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Useful Notes / Japanese Education System

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Over the years, the educational system has gone through major changes and reformations. The beginning of formal education dates back to the 6th century and the adoption of the Chinese culture. The Meiji Restoration and World War II were important highlights in the restructure of the system.

In the present day, education in Japan is structured into 6 years of elementary school, 3 years of junior high and 3 years of senior high. Classes begin in April, around the time Cherry Blossoms are in bloom, and are held from Monday to Friday or Saturday.


  • Kindergarten (幼稚園 Yōchien): Children from 3-6 may enter kindergarten or day-care facilities. The educational approach in these ages varies, with some only functioning as playing facilities, while others are specifically equipped to prepare the child to pass tests in order to enter a private elementary school. Kindergarten is optional.
  • Elementary school (小学校 Shōgakkō): At age 6, children are obligated to enter elementary school, which is composed of 6 grades. Classes begin early in the morning and last approximately 6 hours. Entering elementary school is seen as an event of great importance, a stepping stone that shapes the child's life. While most of the population enrolls in public schools, there is a great amount of competition for some of the more prestigious private schools.
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  • Junior high school (中学校 chūgakkō): Ages 12-15 attend Junior high.
  • High School (高校 kōkō): Ages 15-18 attend high school, in preparation for university. High school is not compulsory, but very few stop their education at Junior high. Japanese, English, mathematics and science are important subjects to graduates. The percentage who stopped at Junior high was considerably higher in the 1950s though early 1980s, when you could walk into a factory job at 16, which is why some older anime are set in Junior High instead of High School.
  • Japanese Universities have their own page.


School clubs:

Japanese schools' extra-curricular activities are centered on "club activities" organized by the students themselves. Each club is generally assigned its own room or other facilities, will have a faculty advisor (komon no sensei 顧問の先生), and has a president (kaichō 会長). More details at our Japanese School Club page.

The most common clubs include the student council, the school newspaper, and the Kendo team. Other clubs range from normal sport clubs (baseball, soccer, swimming etc.) over cultural clubs (art, tea ceremony, music etc.) and a mixed bunch (library, computer, home economy etc.) to the more unusually (railways, astronomy, occult research etc.)

It's rare for a student to be a member of more than one club — club activities are generally too time-consuming to allow for it. Students who aren't members of any club are derisively said to be members of the "Go Home Club."

School uniform:

The Sailor Fuku often seen in Japanese Media is well-recognised as a symbol of Japanese school life and youth. The girls' uniform is based on European-style naval uniforms and came into use sometime during the 19th century. Schools have two versions of the uniform—the regular one for all seasons, and a lighter one for summer. It may depend on the region, but recently the sailor suit (and the traditional male counterpart, the gakuran—a black ensemble with a high collar, based on Prussian officer uniforms) has become largely the domain of middle/junior high schools, whereas high schools have shifted towards more fashionable or professional-looking styles of uniform, often with tailored blazers, vests, neckties, and plaid skirts. Elementary schools, if they have a uniform, tend towards collarless jackets and skirts with suspenders — and sometimes, students wear their gym uniforms during class and change into their formal uniforms when outside of the school or attending ceremonies.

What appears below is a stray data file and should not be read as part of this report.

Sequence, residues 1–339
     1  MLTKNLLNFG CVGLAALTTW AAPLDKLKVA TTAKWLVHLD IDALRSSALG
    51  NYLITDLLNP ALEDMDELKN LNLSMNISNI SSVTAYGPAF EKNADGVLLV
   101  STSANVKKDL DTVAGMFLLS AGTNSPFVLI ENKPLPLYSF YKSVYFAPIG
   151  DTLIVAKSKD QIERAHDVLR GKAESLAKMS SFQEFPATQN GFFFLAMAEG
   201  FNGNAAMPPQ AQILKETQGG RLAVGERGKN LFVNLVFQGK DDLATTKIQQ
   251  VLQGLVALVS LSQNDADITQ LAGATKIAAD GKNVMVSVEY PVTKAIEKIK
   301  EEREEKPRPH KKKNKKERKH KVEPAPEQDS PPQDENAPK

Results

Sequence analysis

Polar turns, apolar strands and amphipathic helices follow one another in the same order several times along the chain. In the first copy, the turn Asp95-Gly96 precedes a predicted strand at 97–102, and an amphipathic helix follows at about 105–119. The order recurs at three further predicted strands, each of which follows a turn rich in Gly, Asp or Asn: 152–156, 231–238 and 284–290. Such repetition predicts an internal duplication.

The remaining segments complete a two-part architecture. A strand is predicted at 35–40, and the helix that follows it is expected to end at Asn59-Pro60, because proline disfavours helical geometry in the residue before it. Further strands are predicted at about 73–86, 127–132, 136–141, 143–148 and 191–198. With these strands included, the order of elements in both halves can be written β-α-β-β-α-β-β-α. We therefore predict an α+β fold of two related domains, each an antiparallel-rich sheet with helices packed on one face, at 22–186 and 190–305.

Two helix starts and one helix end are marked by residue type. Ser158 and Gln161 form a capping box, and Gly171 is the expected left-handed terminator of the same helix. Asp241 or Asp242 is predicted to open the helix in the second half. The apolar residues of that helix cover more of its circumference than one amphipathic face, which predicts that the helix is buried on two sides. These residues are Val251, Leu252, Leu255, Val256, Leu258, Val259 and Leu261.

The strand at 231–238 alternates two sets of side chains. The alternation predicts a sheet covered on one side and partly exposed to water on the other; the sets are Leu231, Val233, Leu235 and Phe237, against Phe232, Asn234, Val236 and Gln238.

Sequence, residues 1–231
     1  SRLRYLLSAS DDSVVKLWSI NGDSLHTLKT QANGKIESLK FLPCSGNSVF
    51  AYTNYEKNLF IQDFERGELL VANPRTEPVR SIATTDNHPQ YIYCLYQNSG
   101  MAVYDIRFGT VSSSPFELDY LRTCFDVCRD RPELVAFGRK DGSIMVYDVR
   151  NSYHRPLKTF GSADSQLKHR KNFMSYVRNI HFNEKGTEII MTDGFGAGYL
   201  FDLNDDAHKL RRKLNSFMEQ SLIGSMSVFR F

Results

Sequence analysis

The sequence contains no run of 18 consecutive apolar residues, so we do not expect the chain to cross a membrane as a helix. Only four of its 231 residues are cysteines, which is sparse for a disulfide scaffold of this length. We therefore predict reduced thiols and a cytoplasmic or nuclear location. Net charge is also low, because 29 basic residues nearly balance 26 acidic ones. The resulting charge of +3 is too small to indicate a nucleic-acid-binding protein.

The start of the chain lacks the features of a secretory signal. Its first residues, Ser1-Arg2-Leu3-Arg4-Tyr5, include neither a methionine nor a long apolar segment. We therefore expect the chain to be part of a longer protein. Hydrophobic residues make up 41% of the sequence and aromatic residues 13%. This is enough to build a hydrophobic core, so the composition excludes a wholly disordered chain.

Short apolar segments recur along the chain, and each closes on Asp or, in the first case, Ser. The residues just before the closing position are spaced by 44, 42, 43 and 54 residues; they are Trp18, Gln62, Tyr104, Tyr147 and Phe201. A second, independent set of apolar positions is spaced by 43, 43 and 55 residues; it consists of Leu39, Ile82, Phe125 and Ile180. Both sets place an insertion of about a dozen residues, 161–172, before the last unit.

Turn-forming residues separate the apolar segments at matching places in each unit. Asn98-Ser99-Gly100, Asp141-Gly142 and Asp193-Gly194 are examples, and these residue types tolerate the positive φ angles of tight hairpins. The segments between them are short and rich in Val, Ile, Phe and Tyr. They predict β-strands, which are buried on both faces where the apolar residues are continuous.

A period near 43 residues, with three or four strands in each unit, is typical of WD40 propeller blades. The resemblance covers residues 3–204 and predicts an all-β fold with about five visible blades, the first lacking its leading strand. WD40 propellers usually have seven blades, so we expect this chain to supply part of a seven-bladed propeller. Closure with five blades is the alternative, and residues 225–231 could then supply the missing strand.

School Festival:

Bunkasai, the "Japanese Cultural Festival," is an important annual event at nearly every school in Japan from junior high to university (the dates are different from school to school, to allow observers to attend multiple events). It's a day to show off the students' talents and the school itself to parents and prospective students. Instead of a shrine-based matsuri, a Festival Episode may well be based at a school's Bunkasai.

Each homeroom class will put on some sort of event (justified from the educational standpoint as teaching the students how to run a business); the two most common involve turning a classroom either into a small cafe (kissaten), or a Haunted House (obakeyashiki, from obake, meaning monster or ghost, and yashiki, mansion). This itself has become such an ingrained part of the trope that it is rare to see any other possibilities discussed when a class is trying to decide what to do for their participation in the festival (this is lampshaded in Azumanga Daioh), but carnival games and student-crafts shops crop up from time to time. Student clubs will also participate, generally creating club-theme-related attractions in hopes of attracting future recruits. Theme costumes will be commonplace.

In addition to events held within the school proper, with classrooms temporarily transformed into shops, the school grounds will be used for outdoor stalls like those of a shrine matsuri.


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